Choose your preferred scenario:
A. You’re sitting in an elementary school classroom and the teacher is droning on about some guy and his three boats sailing west, not knowing if he’ll fall off the edge of the earth or find some country he’s looking for, the one with all the spices.
Oh, that thing about the Indians is a little interesting—too bad there wasn’t a big fight or something, anything to make this lesson lively. I mean, c’mon, the dude thought he was in
B. Parental permission slip in hand, you and your classmates board a big yellow school bus for a trip to the harbor to look at some stinky old boat. Well, it’s better than sitting in a hot classroom. Walking down the dock, you look around for a big boat, but there’s nothing there but a little old thing hardly bigger than a rowboat. Okay, maybe it’s a little bigger than that. What? This can’t be it! No way some dude sailed this little thing across the Atlantic and discovered the
The Nina at the dock in Mazatlan.
You’re down in the hold and the guide is talking about how the four-legged animals were kept in slings because the rolling of the ship (Ship? This thing’s a ship?) would cause them to fall and break their legs. Horses, cows, pigs, all slung up to the overhead beams, and chickens everywhere. Some of the boys snicker at the idea of horses and cowing swinging back and forth. The teacher glares at them. Kegs and crates, casks of water and coils of rope fill all the rest of the room.
Where did the crew sleep? What? On the open deck? No way, dude.
Then suddenly, standing there in the stuffy hold, where grown ups have to stoop slightly to keep from banging their heads, it all comes alive for you. The smells of animal waste and creosote, tar and pine pitch sting your nostrils. The sounds of the animals, the creaking of the wooden shop, the snapping of the sails in a brisk wind echo in your ears.
The Nina crew provided platters of fresh fruit for our cruise.
On the upper deck, you imagine the ship heeled over in a starboard wind, waves washing over the deck of the heavily-laden ship, drenching the sailors trying to sleep on it. Only those lucky enough to find a coil of rope to lie on are staying somewhat dry, though rainwater drips down on them from the sails. Salt water dries your skin and thick calluses form from handling the ropes for the sails.
Bow and rigging.
The only sheltered spot is under the poop deck where the tiller is manned, a long thick wooden pole attached to the rudder for steering. But, there are twenty-seven crew, and not enough room for everyone under there.
The pole at left is the tiller. It took quite a bit of strength to hold it steady and stay on course.
The cook is hunched over a firebox near the bow, trying to keep a large pot from sliding off the fire and dumping dinner all over the deck. Rainwater pours into the pot as the cook fastens a piece of flapping canvas around the windward side of the fire in a frantic effort to keep the fire lit. Maybe it’s hard tack for rations tonight.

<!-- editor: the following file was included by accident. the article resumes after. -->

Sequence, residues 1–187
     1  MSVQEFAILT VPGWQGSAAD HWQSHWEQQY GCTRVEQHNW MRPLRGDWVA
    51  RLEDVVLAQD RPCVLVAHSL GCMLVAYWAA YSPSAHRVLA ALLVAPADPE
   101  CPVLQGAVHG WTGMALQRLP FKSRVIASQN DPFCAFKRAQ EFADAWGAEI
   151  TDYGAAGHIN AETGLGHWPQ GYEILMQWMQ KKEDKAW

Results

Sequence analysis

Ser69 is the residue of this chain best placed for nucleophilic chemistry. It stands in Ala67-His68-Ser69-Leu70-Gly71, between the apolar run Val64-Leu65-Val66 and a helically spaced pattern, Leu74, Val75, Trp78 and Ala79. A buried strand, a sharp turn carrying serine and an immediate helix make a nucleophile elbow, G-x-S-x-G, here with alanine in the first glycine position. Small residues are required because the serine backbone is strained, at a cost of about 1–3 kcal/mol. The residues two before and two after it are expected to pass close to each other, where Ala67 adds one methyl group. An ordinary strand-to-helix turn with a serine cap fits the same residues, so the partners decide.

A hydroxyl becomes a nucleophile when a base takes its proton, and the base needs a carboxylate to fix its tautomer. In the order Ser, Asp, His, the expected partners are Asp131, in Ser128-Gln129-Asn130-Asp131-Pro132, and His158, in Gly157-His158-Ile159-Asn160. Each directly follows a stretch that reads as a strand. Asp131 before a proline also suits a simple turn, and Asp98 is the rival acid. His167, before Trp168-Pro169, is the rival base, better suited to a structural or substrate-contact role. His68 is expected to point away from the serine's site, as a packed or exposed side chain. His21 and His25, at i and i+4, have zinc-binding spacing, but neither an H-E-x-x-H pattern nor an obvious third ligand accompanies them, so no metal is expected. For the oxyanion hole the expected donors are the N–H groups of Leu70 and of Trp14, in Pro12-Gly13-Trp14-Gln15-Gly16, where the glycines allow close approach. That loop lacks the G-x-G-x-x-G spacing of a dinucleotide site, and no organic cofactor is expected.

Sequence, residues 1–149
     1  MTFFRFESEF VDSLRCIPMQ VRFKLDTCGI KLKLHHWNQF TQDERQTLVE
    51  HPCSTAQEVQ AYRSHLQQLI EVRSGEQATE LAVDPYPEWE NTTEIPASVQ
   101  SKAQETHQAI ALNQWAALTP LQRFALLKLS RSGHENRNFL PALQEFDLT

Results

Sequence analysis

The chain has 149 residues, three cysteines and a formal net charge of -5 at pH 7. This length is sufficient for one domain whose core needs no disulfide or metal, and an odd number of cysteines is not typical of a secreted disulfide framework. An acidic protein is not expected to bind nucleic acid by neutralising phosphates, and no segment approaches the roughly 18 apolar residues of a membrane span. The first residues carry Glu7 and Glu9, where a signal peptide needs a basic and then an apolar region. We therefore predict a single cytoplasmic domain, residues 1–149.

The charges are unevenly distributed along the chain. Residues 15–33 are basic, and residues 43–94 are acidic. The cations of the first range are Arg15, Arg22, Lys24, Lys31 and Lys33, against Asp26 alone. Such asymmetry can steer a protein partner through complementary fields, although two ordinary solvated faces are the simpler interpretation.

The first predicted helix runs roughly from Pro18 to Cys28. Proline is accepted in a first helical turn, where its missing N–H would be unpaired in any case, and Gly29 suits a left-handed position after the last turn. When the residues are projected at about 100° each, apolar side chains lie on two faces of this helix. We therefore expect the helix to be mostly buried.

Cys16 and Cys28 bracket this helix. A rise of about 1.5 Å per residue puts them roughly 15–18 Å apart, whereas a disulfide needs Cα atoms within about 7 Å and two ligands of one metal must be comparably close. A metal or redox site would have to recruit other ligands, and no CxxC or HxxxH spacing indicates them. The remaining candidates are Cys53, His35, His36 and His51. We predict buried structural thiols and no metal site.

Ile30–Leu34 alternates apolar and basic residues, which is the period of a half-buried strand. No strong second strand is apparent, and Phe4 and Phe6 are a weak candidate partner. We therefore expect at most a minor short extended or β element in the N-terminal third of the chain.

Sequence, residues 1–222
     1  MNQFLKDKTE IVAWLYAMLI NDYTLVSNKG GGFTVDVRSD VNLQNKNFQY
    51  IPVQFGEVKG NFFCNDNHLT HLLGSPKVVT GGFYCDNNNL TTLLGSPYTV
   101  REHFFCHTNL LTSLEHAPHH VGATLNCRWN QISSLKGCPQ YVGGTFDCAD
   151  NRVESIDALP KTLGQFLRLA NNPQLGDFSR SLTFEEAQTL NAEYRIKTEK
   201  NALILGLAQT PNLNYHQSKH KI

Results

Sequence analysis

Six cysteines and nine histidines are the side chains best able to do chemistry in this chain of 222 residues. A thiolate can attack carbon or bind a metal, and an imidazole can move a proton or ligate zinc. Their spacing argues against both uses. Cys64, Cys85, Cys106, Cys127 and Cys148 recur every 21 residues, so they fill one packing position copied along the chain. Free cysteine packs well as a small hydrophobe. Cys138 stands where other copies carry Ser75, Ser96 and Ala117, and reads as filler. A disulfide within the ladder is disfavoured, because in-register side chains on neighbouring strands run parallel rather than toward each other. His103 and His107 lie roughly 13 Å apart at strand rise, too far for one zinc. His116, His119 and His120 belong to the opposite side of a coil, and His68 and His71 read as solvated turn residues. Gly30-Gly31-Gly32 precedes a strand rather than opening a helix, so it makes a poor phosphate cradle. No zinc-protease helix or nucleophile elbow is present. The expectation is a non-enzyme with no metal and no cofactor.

“The Niña,” says the guide, “was
photo from postcard sold by Columbus Foundation, Morgan Sanger photographer
“This caravel,” the guide continues, “is the most historically accurate replica of the Niña that has ever been built.” He recites the ship’s dimensions: 93.6 feet long overall, with a 66 foot long deck. The beam is 17.3 feet wide, and the draft is only seven feet. She has 1919 square feet of sail, and her displacement is a hundred tons.
Wow, you think. She looks like she could fit in a swimming pool.
After many years of research, looking at recent discoveries of ship-wrecked fifteenth and sixteenth century caravels, the Columbus Foundation began building an accurate replica of the Niña at Bahia on the coast of Brazil, where shipwrights still use an archaic building process known as Mediterranean Whole Moulding “in conjunction with mechanically generated geometric progressions known as graminhos, techniques that may be similar or identical to those used by the builders of discovery period ships.” In Whole Moulding, three different shaped patterns are used to cut directly from timber.
You are glued to every word, and pepper the guide with questions afterwards. He tells you this Niña was used in filming the movie “1492” with Gerard Depardieus playing the part of
But if you had been in
So, which scenario appeals to you? You could even have had held the tiller, but you had to wear a pirate hat to do so. And, if you were a veteran sailor like my husband was (he sailed as a Merchant Mariner beginning on his 16th birthday and during the waning months of WWII), the captain of the Niña would have given you a special behind the scenes tour of this fabulous, historic vessel.
He was so used to wearing caps, he forgot he still had the pirate hat on.
(NOTE: More information on the Niña can be found at the Columbus Foundation’s web site: http://www.thenina.com/
She has been joined by her sister ship, the Pinta. From early March through early May, the ships will be in various ports in
photo from postcard sold by the Columbus Foundation, Morgan Sanger photographer